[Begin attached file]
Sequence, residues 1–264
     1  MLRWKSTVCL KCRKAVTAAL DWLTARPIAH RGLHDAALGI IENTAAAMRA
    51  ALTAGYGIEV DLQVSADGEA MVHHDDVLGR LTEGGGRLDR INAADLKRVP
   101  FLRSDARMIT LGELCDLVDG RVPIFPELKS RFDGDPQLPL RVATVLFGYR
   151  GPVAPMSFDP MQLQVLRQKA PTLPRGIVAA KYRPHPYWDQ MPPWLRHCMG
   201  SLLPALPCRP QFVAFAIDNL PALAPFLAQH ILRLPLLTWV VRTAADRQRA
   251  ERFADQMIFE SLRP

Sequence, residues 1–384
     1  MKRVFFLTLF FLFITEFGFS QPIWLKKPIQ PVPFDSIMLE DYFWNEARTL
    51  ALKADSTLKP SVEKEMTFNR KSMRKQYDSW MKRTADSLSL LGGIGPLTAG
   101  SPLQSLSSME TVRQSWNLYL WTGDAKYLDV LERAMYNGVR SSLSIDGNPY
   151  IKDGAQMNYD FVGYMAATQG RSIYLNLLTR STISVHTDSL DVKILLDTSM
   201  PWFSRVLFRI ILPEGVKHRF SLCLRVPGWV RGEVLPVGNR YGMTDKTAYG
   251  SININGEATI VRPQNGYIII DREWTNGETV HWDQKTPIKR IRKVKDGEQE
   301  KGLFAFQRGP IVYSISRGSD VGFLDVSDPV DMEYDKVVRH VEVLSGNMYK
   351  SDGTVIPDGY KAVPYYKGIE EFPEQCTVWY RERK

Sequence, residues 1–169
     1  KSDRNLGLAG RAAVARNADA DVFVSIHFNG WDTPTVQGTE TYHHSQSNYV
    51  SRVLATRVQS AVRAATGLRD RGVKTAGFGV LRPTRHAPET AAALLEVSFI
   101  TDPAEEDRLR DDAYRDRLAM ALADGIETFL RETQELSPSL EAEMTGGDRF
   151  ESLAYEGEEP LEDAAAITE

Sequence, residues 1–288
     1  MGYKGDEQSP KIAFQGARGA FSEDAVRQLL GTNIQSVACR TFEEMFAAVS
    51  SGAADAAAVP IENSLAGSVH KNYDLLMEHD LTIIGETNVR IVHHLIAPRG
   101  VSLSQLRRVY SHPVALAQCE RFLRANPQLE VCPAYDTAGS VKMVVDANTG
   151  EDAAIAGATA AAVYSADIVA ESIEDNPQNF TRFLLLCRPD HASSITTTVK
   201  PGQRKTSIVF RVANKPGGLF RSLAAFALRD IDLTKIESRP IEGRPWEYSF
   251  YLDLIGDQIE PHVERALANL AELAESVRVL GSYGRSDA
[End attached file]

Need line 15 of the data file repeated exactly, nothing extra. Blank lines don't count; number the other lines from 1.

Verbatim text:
   301  KGLFAFQRGP IVYSISRGSD VGFLDVSDPV DMEYDKVVRH VEVLSGNMYK